By now, most people know the basic story of Brideshead -- how Captain Charles Ryder, in the waning days of WWII, is sent with his troops to bivouac at Brideshead Castle, a place he knows well. Being there brings back memories of his youth when, in 1923 and a freshman at Oxford, he meets Lord Sebastian Flyte and the two become fast friends. Charles' coming-of-age story begins with this friendship (which ultimately disintegrates over Sebastian's alcoholism) and moves on to the love affair he has with Sebastian's sister Julia and the ultimate demise of it due to her inability to divorce herself from Catholicism.

There are few books published today that delve so deeply into character and plot development and Mr. Waugh’s prose is beautiful. (Charles: “I could tell him, too, that to know and love one other human being is the root of all wisdom.”) Alternately, the audiobook narrated by Jeremy Irons is a fantastic option for readers. I found myself wanting to get into my car and drive anywhere just so I could continue listening to the story. Towards the end of the novel, I did what I normally don’t do: I listened to the book while I was wandering around my house doing simple chores because I found I could not put it down. Jeremy Irons' narration is nothing short of sublime.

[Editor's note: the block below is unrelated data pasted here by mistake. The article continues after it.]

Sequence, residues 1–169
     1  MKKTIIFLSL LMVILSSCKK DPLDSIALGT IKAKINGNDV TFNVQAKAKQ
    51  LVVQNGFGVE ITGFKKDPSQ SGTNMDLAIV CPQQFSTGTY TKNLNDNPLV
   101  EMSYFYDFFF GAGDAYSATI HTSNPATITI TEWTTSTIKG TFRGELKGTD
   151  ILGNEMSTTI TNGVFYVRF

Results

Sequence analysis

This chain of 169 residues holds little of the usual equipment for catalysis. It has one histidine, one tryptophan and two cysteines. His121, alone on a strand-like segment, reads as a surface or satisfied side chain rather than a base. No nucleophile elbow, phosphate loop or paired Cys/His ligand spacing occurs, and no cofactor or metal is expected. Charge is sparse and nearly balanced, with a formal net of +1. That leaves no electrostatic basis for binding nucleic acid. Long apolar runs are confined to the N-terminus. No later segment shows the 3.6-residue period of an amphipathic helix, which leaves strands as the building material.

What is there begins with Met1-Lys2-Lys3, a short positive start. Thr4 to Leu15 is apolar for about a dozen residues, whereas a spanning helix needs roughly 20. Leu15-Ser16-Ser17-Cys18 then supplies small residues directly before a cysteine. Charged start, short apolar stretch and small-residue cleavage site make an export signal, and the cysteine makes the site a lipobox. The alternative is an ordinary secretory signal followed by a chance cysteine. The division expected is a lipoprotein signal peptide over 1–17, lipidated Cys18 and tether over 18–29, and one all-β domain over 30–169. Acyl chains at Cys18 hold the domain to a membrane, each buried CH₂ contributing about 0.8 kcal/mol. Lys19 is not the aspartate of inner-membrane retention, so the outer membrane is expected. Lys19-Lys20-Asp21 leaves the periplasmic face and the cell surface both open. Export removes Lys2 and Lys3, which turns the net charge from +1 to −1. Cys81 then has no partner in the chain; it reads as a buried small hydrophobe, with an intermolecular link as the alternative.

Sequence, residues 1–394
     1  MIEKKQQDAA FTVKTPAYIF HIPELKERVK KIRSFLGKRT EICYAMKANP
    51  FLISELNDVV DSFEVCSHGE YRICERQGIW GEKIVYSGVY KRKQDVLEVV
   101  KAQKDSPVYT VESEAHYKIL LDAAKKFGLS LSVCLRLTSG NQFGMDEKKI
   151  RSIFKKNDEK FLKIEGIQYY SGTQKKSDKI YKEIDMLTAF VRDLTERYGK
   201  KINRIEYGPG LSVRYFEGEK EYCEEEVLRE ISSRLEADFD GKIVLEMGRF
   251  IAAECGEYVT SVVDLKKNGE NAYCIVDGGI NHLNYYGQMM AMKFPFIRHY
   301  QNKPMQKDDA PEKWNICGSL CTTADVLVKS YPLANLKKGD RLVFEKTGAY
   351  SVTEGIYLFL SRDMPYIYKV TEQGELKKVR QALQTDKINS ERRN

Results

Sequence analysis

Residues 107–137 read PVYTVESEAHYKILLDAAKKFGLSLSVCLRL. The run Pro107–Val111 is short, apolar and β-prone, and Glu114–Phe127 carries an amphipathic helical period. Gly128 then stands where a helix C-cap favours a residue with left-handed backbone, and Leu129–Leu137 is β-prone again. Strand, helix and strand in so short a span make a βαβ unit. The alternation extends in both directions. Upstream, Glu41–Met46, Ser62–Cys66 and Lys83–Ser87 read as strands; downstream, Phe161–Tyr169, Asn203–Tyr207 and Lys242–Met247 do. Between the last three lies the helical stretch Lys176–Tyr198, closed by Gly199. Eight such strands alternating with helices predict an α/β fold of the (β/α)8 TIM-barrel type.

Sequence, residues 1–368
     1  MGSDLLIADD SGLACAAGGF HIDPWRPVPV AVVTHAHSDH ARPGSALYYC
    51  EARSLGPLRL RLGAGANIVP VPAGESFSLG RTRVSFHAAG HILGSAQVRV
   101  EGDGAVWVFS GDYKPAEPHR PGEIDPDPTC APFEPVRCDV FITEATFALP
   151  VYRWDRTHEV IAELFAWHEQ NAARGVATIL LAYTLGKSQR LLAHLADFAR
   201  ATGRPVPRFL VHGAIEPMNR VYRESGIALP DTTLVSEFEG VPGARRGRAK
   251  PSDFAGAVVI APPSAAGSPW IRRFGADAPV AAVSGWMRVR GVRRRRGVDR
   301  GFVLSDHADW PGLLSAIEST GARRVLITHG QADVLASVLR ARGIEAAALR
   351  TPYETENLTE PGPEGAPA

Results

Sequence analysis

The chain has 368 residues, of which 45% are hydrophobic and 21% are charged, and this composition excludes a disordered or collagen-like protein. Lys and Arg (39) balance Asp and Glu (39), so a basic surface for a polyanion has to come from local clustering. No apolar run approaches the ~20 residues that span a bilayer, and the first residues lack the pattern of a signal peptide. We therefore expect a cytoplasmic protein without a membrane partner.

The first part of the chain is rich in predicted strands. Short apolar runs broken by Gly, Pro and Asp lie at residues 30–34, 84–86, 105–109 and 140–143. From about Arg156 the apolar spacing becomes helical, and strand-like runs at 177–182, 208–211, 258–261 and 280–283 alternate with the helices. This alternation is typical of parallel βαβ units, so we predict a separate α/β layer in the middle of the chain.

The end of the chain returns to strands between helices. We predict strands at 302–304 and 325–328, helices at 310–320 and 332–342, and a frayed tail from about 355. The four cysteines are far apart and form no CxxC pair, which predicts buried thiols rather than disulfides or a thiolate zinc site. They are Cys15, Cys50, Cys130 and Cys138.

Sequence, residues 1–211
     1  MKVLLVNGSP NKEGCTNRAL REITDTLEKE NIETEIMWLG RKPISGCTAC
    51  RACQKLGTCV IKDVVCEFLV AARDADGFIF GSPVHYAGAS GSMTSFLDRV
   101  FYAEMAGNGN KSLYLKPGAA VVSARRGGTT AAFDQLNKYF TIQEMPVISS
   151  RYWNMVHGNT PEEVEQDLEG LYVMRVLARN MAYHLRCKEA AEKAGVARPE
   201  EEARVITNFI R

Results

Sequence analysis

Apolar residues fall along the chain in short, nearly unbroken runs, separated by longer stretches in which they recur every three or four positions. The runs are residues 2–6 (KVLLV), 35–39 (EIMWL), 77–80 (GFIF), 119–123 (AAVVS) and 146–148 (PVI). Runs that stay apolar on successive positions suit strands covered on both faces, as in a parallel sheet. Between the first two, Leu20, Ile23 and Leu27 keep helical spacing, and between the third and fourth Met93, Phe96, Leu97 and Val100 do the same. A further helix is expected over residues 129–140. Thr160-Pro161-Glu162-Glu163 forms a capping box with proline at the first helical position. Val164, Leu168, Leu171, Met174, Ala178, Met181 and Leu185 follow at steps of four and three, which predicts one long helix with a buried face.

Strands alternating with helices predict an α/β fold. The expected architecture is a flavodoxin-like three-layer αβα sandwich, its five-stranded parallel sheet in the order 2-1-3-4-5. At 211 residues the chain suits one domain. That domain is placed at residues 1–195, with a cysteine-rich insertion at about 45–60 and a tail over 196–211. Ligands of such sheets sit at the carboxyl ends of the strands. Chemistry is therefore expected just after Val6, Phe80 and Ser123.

No matter your option, Brideshead Revisited is a wonderful investment in your time and you will learn not only about aristocratic life of 1920s England, but you’ll love exploring the friendship between Charles and Sebastian, the romance between Charles and Julia and how religion can impact families, friendships and loves. It took me way too long to discover this story but now that I have, it will stay with me for the rest of my days.

1 of 1 people found this review helpful

  • Amy Snow

  • A Novel
  • By: Tracy Rees
  • Narrated by: Melody Grove
  • Length: 15 hrs and 48 mins
  • Unabridged
  • Overall
    4.5 out of 5 stars 3,213
  • Performance
    4.5 out of 5 stars 2,965
  • Story
    4.5 out of 5 stars 2,967

It is 1831 when eight-year-old Aurelia Vennaway finds a naked baby girl abandoned in the snow on the grounds of her aristocratic family's magnificent mansion. Her parents are horrified that she has brought a bastard foundling into the house, but Aurelia convinces them to keep the baby, whom she names Amy Snow. Amy is brought up as a second-class citizen, but she and Aurelia are as close as sisters. When Aurelia dies at the age of 23, she leaves Amy 10 pounds. But Aurelia also left her much more.